12. The hydraulic actuator of claim 11 wherein said selectively operable means include closed conduit means between opposite sides of the piston.
13. The hydraulic actuator of claim 12 wherein said conduit means is in communication with generally central portions of the cylinder generally about the shaft.
14. The hydraulic actuator of claim 12, including selectively operable valve means in the conduit means for determining the direction of fluid flow and thereby the direction of axial movement of the shaft.
15. The hydraulic actuator of claim 12, including housing means within which the cylinder is rotatably mounted, with the conduit means extending at least in part through the housing means.
16. The hydraulic actuator of claim 15 wherein said conduit means is in communication with generally central portions of the cylinder generally about the shaft.
17. The hydraulic actuator of claim 12 wherein interior end walls of the cylinder are grooved and in line with the conduit means to permit full strokes for the piston.
18. The hydraulic actuator of claim 11 wherein the piston is formed integral with the shaft.
19. The hydraulic actuator of claim 11 wherein the actuator is part pf a cooling system for a generator or the like, and including conduit means in communication with the cooling system for receiving fluid therefrom, the conduit means communicating between said chambers.
20. A hydraulic actuator for effecting bidirectional axial displacement of a shaft, comprising:
a closed cylinder at least partially filled with fluid;
drive means for rotating the cylinder to develop a centrifugal fluid head therewithin;
piston means fixed to said shaft within the cylinder and dividing the cylinder into chambers on opposite sides of the piston means; and
selectively operable means for directing the centrifugal fluid head from one chamber to the other to move the shaft axially in a selected direction in response to rotation of the cylinder.
21. The hydraulic actuator of claim 20 wherein said selectively operable means include closed conduit means between opposite sides of the piston means.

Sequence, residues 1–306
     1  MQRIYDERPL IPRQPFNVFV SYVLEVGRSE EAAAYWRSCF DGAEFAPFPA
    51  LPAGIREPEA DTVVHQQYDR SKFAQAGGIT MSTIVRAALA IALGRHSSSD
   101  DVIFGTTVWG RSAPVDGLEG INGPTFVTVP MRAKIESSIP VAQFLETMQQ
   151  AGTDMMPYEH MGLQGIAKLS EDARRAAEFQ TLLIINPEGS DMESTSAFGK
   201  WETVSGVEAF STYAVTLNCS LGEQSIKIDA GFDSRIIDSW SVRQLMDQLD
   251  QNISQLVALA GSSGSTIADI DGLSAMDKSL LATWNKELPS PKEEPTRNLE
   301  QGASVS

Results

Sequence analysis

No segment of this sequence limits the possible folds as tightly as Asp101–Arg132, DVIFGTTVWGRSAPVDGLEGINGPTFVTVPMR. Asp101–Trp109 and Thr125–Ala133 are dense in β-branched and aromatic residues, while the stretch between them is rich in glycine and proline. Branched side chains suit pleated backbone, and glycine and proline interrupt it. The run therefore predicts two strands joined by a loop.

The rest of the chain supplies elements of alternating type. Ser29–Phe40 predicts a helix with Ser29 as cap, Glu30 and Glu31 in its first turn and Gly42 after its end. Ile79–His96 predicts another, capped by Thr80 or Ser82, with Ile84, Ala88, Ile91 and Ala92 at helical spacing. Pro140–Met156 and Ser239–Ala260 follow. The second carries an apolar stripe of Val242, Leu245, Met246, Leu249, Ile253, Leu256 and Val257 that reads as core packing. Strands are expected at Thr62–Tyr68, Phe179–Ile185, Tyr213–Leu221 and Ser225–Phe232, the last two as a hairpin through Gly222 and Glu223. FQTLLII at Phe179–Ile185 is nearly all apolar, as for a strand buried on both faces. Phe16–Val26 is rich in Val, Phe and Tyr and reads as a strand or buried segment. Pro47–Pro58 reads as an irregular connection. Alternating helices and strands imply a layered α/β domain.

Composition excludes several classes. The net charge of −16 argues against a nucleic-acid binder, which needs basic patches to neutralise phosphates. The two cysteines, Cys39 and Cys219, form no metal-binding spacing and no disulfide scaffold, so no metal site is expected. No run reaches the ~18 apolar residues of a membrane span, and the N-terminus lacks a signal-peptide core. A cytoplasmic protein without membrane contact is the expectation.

22. The hydraulic actuator of claim 21 wherein said conduit means is in communication with generally central portions of the cylinder generally about the shaft.
23. The hydraulic actuator of claim 21, including selectively operable valve means in the conduit means for determining the direction of fluid flow and thereby the direction of axial movement of the shaft.
24. The hydraulic actuator of claim 21, including housing means within which the cylinder is rotatably mounted, with the conduit means extending at least in part through the housing means.
25. The hydraulic actuator of claim 24 wherein said conduit means is in communication with generally central portions of the cylinder generally about the shaft.
26. The hydraulic actuator of claim 21 wherein interior end walls of the cylinder are grooved and in line with the conduit means to permit full strokes for the piston means.
27. The hydraulic actuator of claim 20 wherein, the piston means is formed integral with the shaft.
28. The hydraulic actuator of claim 20 wherein the actuator is part of a cooling system for a generator or the like, and including conduit means in communication with the cooling system for receiving fluid therefrom, the conduit means communicating between said chambers.
Description
BACKGROUND OF THE INVENTION

1. Field Of The Invention

This invention relates to a hydraulic actuator and, particularly, to a hydraulic actuator for effecting bidirectional axial displacement of a shaft.

2. Description Of The Prior Art

There are certain applications wherein rotating or nonrotating shafts must be moved axially for various reasons, such as actuating switches or other actuator purposes during a particular mode of operation. For instance, rotors on a generator may be shifted angularly to control loading parameters by axial movement of a driving shaft. The axial movement of the shaft most often is effected by using a conventional hydraulic piston on one end of the shaft. Heretofore, the hydraulic fluid flow and pressure operating on the piston has been provided by a rather complex hydraulic system employing pumps, numerous valves, complex accumulators, piping/coring and like components. Such a system or structural arrangement not only is too heavy, complex and expensive for many applications, but such systems are rather inefficient.